You will notice in each of these suggested goals for your writing that three are no “can” or “will” or “might” words. There are, however, action verbs since action is a major element of establishing any resolution.

The second element of resolutions is will power. If you set a goal and fail to act on it, or do not follow through on the commitment you made to yourself, learn from that and apply corrective behavior. You can do it!

Be realistic. Avoid resolutions you know in your heart you lack the fortitude to stick to. Yes, goals are a good thing but they require honesty and commitment. Saying you “want to” quit smoking does not commit you to quitting. Quitting does.

Think about what you need to accomplish as a writer. Be honest and then apply yourself to you. Write that goal down and post it where you can see it. After sticking to it for seven or more days, you have it made.

When my father told me how I could quit smoking, his advice was that if I could make it one day, I could make it two days. If I could make two days, I could make it four days. If I could make it four days, I could make it a week. If I could make one week, I could make two weeks…and so on. I followed his advice and more than 46 years later am still making it!

Do it!

Writing Time

By Terry C. Misfeldt

When is your best opportunity for writing time? Do you need peace and quiet to think and write? Can you squeeze in a few minutes during your lunch break? Do the kids all have to be in bed before you can sit down at the keyboard?

Knowing your best writing time is an essential element of becoming a professional writer. Let’s consider options. An important aspect of these options is determining how many words you intend to craft in one sitting and how long it takes you to generate that many words. When I gave myself the challenge of writing 1,000 words per day, I learned I could achieve that goal in 40 to 45 minutes…depending on whether my brain was functioning at 25 words per minute.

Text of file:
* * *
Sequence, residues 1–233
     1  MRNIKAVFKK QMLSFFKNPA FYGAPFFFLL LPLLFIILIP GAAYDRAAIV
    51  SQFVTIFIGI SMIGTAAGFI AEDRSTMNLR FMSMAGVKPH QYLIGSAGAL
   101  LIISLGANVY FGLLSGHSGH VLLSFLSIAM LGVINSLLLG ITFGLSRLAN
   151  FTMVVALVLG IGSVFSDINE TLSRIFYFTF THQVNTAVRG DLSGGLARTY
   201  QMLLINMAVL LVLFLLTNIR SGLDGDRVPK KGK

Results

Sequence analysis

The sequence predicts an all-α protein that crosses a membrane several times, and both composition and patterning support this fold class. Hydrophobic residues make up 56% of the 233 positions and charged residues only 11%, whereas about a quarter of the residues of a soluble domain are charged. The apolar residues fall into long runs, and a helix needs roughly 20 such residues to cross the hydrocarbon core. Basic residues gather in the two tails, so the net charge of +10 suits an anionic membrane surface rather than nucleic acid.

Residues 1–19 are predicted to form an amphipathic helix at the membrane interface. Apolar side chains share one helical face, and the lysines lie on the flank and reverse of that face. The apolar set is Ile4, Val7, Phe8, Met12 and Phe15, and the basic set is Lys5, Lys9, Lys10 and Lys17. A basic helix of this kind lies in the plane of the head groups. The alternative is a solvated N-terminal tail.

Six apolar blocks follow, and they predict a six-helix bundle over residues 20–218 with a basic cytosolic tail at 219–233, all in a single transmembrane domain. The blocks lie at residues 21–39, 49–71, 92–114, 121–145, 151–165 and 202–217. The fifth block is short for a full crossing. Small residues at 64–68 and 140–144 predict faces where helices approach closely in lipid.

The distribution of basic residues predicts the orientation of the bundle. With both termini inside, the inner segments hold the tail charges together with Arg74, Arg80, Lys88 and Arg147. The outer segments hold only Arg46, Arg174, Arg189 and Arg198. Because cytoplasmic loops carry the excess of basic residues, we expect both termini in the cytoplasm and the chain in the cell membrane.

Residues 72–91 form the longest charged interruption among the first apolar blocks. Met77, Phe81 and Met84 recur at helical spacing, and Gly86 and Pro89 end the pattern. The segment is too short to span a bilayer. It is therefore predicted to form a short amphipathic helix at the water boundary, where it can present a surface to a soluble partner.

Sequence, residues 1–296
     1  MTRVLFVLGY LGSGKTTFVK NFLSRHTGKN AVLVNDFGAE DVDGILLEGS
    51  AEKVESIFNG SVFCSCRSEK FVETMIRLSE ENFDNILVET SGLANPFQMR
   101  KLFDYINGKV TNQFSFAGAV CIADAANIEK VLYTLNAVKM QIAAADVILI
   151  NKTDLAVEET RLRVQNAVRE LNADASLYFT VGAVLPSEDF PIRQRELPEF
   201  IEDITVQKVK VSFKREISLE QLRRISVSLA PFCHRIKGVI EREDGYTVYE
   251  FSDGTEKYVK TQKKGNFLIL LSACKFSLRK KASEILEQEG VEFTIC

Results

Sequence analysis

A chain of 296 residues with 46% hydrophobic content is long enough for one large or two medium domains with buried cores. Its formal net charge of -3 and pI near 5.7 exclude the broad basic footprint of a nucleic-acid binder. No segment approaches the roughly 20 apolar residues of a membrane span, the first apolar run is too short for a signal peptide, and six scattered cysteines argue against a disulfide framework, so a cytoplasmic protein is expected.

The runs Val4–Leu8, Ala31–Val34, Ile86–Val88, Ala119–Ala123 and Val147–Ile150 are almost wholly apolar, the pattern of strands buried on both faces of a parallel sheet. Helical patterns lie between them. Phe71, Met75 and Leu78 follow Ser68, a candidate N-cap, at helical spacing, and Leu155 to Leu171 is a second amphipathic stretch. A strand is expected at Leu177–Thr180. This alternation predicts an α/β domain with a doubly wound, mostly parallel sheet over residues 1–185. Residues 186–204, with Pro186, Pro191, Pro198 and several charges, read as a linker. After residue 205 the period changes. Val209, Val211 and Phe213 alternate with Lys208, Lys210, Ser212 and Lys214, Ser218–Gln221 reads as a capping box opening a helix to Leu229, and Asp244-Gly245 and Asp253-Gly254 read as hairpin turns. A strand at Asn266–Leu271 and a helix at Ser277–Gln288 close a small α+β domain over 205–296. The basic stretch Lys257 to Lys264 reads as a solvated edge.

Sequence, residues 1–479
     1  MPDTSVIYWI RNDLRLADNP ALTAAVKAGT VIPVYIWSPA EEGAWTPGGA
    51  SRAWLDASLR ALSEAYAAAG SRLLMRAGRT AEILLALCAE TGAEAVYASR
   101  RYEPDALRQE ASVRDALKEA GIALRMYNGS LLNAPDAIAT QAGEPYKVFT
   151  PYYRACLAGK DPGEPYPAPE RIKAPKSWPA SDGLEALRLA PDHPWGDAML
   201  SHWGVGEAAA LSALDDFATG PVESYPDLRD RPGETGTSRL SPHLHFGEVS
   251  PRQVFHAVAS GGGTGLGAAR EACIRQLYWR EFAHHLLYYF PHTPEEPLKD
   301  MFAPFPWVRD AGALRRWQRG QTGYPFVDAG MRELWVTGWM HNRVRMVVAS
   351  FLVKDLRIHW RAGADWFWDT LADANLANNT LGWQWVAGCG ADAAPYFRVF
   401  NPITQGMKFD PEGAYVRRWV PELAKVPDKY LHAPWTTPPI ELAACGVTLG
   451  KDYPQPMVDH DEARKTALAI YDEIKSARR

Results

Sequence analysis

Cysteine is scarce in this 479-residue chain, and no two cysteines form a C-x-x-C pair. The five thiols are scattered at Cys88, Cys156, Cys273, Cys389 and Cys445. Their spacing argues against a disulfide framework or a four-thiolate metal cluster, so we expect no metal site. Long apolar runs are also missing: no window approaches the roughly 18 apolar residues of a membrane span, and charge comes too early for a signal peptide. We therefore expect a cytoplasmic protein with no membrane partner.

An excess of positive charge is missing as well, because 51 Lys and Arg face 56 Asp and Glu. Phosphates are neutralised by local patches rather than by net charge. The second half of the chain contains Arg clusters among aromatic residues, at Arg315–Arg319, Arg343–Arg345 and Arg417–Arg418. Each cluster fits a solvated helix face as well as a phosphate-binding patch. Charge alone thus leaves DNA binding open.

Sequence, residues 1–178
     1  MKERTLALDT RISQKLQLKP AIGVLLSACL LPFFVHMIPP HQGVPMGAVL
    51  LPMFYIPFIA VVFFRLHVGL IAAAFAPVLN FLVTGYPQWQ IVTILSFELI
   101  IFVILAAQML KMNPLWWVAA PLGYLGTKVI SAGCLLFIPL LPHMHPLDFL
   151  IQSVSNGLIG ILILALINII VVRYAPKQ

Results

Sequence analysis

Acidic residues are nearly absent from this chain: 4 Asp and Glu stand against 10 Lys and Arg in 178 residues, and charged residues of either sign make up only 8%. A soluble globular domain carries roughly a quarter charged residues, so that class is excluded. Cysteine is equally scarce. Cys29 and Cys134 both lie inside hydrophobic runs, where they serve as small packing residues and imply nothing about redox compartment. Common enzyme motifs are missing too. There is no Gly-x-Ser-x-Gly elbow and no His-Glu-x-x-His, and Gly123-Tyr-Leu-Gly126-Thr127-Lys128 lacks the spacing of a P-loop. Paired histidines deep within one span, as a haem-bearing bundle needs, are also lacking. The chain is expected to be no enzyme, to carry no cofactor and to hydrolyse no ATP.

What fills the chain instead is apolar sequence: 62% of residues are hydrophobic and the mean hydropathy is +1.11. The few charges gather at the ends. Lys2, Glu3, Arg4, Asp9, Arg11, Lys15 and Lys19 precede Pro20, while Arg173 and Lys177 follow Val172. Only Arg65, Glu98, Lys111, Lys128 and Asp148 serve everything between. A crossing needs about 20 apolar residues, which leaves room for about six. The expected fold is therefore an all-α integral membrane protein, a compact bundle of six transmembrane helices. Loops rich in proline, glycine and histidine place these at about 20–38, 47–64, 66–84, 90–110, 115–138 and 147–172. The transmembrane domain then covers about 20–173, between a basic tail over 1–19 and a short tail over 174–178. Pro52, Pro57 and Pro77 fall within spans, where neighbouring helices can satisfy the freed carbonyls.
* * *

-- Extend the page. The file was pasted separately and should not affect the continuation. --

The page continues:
1. Pouring and sipping that first cup of coffee in the early morning hours gets some writers started. If you work at 9:00 a.m. and need an hour and one half for feeding and grooming yourself before getting dressed and commuting, you should consider how much you are willing to forego sleep to get in writing time. Could you write 500 words in half an hour? If you can and want to rise with the sun to do that, go for it.
  2. Finding time during the day to write can be a challenge if you are working full-time or in an office environment. More than likely you already spend time in front of the computer screen, but could you sneak in 15 minutes to crank out 400 words? The challenge here is to avoid using the company cloud to save your work…unless you own the company and then it does not matter. Suggestion: Use a flash drive to store your work.
  3. After work, dinner time with the family, and relaxation time can be productive writing time. Many writers work late into the evening or early morning crafting their novel or writing their memoirs because that is when they are inspired to write. Just remember there are also times when your brain is fried by then and what you write may look like rubbish when you read it the next day.
  4. In short, the best time to write is when you are motivated, inspired, and can concentrate on your project. Writing time may also be best devoted to research and making notes. Writing time is your time!

Promotional Outlets

By Terry C. Misfeldt

Finding promotional outlets enables you to market your novel or other writing to specific markets at little to no cost. What is required is taking the time to think things through. What organizations do you belong to, or have a relationship with?

Clubs such as Rotary, Kiwanis, Zonta, Lions, and others are often looking for speakers. If you get invited, have a copy of your book as a door prize and bring more copies along to sell after the meeting and your presentation. It is a promotional outlet requiring some of your time in return for potential sales and for visibility with potential buyers.